What to Do in Glacier National Park (Best Things to Do & See)

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There are few places left in the United States where you can truly feel like you’re blazing new trails, but they are still out there. Montana’s Glacier National Park is a refuge for some of America’s most untamed wildlife and breathtaking landscapes.

With a history stretching back thousands of years, adventurous travelers will be hiking, driving, or pedaling through some of the last untouched forests of the world.

Glacier National Park has countless lakes, more than 700 miles of trails, magnificent glaciers, and views with an awe factor off the charts. 

We have brought together all the best lakes, trails, rivers, and waterfalls into one place so you can easily pick and choose what you want to do during your adventure.

You’re probably anxious to head out on the trails, so let’s jump straight into the best things to do in Glacier National Park.

Don’t leave home without your own: Lonely Planet USA’s National Parks (Travel Guide)


15 Things to Do in Glacier National Park


1. Apgar Nature Center

Apgar Nature Center in Glacier National Park.

Whether you’re a well-seasoned traveler or a family on a weekend getaway, you’ll want to head to the Apgar Nature Center before you start exploring Glacier National Park.

This modest cabin in the woods is actually your gateway to all the inside information on the park. Do you want a second recommendation about where to head to first? Need some extra advice about the park? 

The rangers and exhibits inside will be your guides before you start exploring the beauty of Glacier National Park.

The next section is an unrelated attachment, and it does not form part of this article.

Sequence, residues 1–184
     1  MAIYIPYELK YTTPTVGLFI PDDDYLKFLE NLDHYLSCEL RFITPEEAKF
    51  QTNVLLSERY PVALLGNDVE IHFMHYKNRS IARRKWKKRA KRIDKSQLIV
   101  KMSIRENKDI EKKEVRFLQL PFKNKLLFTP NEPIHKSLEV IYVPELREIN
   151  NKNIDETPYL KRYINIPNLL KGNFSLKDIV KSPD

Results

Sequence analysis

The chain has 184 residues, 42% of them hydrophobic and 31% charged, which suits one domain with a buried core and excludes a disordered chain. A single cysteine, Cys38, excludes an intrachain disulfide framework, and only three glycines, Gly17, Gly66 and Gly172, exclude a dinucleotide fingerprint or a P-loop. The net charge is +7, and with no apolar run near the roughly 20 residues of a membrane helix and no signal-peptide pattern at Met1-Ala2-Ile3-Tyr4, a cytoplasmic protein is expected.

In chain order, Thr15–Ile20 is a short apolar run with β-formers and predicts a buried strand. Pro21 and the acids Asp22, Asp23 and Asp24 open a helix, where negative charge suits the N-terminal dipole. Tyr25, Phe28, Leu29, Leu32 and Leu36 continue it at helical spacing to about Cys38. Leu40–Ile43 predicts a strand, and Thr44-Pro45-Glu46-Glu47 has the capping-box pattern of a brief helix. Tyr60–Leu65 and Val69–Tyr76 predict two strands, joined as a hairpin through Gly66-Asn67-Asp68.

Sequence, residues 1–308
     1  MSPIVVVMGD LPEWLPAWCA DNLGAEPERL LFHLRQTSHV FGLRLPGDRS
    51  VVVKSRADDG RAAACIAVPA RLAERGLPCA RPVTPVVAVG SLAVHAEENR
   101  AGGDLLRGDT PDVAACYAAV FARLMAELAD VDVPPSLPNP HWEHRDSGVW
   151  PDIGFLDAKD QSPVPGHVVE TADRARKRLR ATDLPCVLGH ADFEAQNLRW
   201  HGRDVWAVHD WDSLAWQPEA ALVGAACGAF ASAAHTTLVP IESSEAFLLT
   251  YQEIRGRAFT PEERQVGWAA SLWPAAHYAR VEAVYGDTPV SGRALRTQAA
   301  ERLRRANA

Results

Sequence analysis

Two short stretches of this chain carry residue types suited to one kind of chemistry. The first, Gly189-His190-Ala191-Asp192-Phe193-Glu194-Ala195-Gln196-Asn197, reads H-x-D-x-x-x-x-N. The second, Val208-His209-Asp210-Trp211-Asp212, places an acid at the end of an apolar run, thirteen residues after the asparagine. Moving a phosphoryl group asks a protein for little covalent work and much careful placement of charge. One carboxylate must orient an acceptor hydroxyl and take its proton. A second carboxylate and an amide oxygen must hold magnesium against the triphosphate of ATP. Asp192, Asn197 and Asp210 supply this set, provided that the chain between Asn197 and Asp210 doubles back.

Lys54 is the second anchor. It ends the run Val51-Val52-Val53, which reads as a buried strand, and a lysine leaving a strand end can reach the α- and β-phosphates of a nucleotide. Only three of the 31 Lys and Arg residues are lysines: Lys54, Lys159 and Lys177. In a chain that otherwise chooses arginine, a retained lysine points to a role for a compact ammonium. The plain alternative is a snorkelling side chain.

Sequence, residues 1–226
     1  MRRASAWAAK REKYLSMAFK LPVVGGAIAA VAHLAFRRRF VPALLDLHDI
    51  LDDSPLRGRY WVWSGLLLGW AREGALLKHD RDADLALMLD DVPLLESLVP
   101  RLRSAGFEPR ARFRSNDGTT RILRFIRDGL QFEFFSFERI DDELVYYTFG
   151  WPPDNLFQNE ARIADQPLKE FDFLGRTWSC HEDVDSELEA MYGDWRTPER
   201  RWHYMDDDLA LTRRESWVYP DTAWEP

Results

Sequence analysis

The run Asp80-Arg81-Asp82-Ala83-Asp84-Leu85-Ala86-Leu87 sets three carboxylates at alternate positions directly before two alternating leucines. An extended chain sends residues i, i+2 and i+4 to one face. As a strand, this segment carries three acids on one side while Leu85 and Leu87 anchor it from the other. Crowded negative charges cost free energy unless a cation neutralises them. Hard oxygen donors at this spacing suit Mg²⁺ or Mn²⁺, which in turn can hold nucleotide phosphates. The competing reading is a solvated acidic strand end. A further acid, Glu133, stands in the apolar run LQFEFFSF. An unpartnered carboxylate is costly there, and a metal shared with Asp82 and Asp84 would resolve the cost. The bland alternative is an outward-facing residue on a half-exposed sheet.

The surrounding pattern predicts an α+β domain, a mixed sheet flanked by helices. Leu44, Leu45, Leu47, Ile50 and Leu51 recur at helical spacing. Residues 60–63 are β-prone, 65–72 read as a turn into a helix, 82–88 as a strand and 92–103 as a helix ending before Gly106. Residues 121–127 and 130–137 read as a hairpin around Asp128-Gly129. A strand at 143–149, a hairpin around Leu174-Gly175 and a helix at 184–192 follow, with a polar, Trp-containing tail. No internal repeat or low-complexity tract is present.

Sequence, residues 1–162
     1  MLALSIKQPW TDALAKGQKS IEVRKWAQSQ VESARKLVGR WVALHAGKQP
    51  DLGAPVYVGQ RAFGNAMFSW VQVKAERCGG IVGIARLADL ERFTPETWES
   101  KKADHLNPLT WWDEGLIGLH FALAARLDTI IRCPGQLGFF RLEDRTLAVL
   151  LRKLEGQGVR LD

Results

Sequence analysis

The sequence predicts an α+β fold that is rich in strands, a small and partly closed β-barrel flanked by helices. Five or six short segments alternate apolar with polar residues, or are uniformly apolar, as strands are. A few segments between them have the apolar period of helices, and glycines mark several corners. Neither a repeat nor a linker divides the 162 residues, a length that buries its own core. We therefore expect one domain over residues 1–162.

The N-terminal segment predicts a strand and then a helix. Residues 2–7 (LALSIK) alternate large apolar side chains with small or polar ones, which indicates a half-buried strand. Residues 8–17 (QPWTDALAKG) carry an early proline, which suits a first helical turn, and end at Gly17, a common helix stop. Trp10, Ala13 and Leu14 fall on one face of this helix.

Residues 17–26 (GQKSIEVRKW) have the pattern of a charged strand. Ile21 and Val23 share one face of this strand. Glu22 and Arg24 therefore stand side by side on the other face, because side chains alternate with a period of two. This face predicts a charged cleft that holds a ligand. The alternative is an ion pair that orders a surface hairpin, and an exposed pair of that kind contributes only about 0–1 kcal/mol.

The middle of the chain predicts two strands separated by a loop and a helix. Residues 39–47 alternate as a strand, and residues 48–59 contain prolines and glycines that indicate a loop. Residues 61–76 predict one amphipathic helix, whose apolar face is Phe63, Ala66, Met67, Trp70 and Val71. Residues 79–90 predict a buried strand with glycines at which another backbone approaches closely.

Are you looking for the best time to visit Glacier National Park? No worries we have put together a guide highlighting every month and what to expect when visiting.

2. See the Grinnell Glacier

Hiking the Grinnell Glacier Trail in Glacier National Park.

You can’t say you have visited Glacier National Park without seeing one of the gorgeous glaciers found throughout the mountains.

If you were to choose just one of the glaciers to see while exploring Montana, make sure you don’t miss Grinnell Glacier. That said, the only way to access this glacier is by putting your boots on the ground and walking to the viewpoints.

However, don’t let that deter you. Although the trail is a little bit challenging, the view is sure to make your jaw drop.

3. Enjoy the Shores of Lake McDonald

Lina Stock of Divergent Travelers Adventure Travel Blog standing at Lake McDonald at sunrise.

Lake McDonald is the largest lake in all of Glacier National Park. Acting as a mirror reflecting the towering mountains lining its banks, you won’t find a more spectacular sight in all of Montana.

This lake can be enjoyed by SUP, kayak, swimming or walking along the beaches. Personally, we love to visit the lake for sunrise. It is the only time you can witness the sun peaking over the mountains and reflecting onto the lake.

If you really want to spend extra time admiring Lake McDonald and the beauty of the valley, there is even an antique lodge where you can feel as if you are sleeping on the great frontier – but in 5-star comfort.

4. Hike to St. Mary Falls

St. Mary Falls in Glacier National Park

It doesn’t matter how many waterfalls you’ve seen; there’s always time to be blown away by yet another. While in Montana, you’ll want to head to St. Mary Falls.

The cascading waters can be heard from miles around and typically bring in a steady trickle of travelers. While there is a shuttle option taking visitors just ⅔ of a mile from the waterfall, there are longer trails for the more adventurous.

Our favorite way to see St Mary Falls is by combining the visit with both Baring Falls and Virginia Falls along the Three Falls Trail. This is one of the most beautiful hiking trails in the park and all three waterfalls are equally spectacular.

5. Drive the Going-To-The-Sun Road

The view along the Going-To-The-Sun Road.